In addition, the school will have an auditorium to seat upwards of 800 students and two gymnasiums — one gym would accommodate sporting events while the auxiliary gym would be ideal for physical education classes. On the western side of the campus, would be an outdoor amphitheater and passive park area. An underground parking garage would be built beneath the amphitheater for faculty and staff parking.

Elected officials and community leaders said the school will become a great anchor in the community looked forward to its opening.

“I would not have missed this day for anything. Today we are seeing an idea become a tangible building that will educate future generations of students,” NJ state Sen. and Essex County Deputy Chief of Staff Teresa Ruiz said. “The school will transform a neglected piece of property into a beautiful school campus that will offers hope to the neighborhood.”

“The development of this school will definitely improve this community and make the neighborhood completely different. The school will be twice as better than the classrooms our students are currently using,” Newark Mayor Ras Baraka said. “It is appropriate that this school be named after one of our heroes and that these students learn who Donald Payne was.”

“As with earlier project, Joe DiVincenzo builds it and we protect it,” Sheriff Armando Fontoura said. “Nothing works without public safety. I want the students here to concentrate on coming to school and learning. Working with the Newark police and Prosecutor’s Office, we will concentrate on making the school and community safe.”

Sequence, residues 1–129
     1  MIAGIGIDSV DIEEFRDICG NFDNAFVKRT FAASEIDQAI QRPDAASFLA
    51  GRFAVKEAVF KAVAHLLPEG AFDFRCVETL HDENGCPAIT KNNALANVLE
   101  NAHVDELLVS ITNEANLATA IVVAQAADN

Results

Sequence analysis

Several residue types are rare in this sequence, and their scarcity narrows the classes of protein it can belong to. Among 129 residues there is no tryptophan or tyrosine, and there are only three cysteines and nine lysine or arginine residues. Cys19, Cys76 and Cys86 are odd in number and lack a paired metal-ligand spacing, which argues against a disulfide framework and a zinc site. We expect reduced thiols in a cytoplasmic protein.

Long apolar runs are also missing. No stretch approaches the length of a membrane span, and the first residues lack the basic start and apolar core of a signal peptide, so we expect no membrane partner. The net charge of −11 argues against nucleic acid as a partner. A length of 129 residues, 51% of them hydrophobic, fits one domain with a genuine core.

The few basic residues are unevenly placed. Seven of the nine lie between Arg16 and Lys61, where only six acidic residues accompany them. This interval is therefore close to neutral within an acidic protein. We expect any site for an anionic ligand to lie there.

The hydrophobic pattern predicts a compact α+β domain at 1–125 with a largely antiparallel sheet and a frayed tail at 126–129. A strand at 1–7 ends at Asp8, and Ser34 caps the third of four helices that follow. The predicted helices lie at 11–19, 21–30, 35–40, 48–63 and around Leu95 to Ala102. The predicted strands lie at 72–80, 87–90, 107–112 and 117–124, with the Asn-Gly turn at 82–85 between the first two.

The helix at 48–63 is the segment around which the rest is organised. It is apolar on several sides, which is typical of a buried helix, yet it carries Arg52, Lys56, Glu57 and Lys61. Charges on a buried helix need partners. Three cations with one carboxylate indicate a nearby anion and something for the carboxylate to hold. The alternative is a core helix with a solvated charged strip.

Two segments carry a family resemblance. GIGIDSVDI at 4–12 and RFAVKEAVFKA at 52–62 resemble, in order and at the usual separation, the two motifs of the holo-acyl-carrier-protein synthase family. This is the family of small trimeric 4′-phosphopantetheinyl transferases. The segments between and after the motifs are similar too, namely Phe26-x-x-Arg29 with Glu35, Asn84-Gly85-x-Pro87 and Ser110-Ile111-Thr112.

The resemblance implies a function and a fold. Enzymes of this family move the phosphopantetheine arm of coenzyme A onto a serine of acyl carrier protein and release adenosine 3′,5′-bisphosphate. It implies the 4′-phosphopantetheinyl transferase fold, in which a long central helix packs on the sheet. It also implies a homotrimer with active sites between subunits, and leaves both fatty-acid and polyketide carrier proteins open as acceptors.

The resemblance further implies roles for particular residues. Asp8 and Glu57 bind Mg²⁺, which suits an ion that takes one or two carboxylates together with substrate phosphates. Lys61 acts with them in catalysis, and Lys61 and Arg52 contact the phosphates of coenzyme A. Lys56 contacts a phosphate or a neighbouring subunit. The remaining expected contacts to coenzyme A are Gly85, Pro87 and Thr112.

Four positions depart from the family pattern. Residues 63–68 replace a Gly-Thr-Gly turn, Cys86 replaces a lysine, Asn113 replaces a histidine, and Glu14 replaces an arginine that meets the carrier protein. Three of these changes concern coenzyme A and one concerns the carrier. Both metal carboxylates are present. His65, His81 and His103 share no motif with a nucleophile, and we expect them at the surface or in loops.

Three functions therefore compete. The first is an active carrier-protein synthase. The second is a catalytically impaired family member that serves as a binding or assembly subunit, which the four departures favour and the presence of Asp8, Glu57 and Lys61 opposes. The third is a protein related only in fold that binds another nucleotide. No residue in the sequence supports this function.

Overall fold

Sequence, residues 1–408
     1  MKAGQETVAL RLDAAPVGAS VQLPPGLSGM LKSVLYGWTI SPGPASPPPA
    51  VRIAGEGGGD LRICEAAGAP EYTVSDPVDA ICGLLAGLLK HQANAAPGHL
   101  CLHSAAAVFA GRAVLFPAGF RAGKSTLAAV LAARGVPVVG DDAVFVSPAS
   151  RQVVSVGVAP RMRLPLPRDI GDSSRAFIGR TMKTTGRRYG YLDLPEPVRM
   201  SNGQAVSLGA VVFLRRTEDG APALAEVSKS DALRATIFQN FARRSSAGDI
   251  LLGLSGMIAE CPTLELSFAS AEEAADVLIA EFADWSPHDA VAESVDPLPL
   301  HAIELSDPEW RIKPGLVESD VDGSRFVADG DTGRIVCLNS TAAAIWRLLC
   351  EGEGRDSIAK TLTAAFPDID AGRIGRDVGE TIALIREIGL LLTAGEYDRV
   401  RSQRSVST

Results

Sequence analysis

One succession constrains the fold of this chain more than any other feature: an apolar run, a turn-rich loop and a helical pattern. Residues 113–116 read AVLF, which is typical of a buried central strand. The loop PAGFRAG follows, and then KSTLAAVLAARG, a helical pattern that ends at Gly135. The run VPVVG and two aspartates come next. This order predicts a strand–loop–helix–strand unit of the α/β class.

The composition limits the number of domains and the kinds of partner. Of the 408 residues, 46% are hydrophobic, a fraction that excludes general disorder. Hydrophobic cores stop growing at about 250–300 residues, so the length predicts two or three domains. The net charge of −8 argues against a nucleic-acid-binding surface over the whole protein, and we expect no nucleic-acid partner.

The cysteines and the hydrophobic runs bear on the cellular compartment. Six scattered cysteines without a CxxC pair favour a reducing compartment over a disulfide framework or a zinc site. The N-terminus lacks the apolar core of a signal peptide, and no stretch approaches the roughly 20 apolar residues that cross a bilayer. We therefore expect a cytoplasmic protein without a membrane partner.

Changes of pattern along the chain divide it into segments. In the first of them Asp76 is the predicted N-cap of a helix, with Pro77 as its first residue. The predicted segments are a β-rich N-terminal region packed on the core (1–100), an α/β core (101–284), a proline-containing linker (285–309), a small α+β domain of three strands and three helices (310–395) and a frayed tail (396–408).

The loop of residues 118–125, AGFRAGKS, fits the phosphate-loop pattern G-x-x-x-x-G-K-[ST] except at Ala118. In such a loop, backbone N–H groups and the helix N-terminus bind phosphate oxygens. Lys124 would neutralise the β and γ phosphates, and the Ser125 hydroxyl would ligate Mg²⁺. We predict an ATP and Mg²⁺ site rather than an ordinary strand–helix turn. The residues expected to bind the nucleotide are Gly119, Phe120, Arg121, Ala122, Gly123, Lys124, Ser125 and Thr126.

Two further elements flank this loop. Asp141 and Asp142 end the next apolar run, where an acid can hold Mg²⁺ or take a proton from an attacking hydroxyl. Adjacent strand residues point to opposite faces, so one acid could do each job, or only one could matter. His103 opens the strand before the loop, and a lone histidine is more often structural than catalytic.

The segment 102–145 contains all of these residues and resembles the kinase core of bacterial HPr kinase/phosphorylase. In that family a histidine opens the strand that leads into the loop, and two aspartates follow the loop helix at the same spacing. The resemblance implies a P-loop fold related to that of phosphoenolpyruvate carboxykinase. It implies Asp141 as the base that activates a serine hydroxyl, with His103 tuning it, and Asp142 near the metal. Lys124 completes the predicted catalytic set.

“This place is like a phoenix rising from the ashes,” Essex County Democratic Committee Chairman Leroy Jones said. “Providing a first-class education. Providing a drug and crime-free environment. Developing a project labor agreement and having the experience of the unions working here. These are the things that Congressman Donald Payne stood for. The students here today may not have come across the late Congressman, but they will live under the banner of what he meant to all of us.”

“This is such a glorious day because of this project,” Freeholder President Britnee Timberlake said. “The new school will be a place for students to learn vocational skills that they need to succeed in life. Furthermore, it will help eradicate blight in the neighborhood.”

“This was a blighted area, an eyesore for over 20 years. I am pleased and honored to be a part of this project that will have a profound impact on the neighborhood,” Newark West Ward Councilman Joe McCallum said. “Donald Payne is a personal role model for me. I am honored to have a building named after him in my ward.”

The Payne School will have a student body of about 1,100 students. These students will come from the Essex County Bloomfield Tech Campus in Bloomfield and the Essex County North 13th Street Campus in Newark. Both of those buildings were constructed in 1929 and, although they well-maintained, it has been difficult and costly to retrofit classrooms to accommodate new curriculum. The district plans to sell those two buildings and use the sale revenue to offset the construction cost of the new facility.

DiCara, Rubino Architects from Wayne received a $4,239,995 contract to design the Payne School. Dobco Inc. from Wayne was awarded a publicly bid contract for $96,159,000 to construct the school. Joseph Jingoli & Son Inc. from Lawrenceville was awarded a $1,640,644 contract to provide construction management services to answer questions and ensure delays are avoided. The construction is being funded through the Essex County Vocational Technical Schools’ Capital Budget with 90 percent of the costs being reimbursed by the State of New Jersey. The other 10 percent is anticipated to be funded with the proceeds from the sale of Bloomfield Tech and North 13th Street School. The school is scheduled to be opened by September 2018.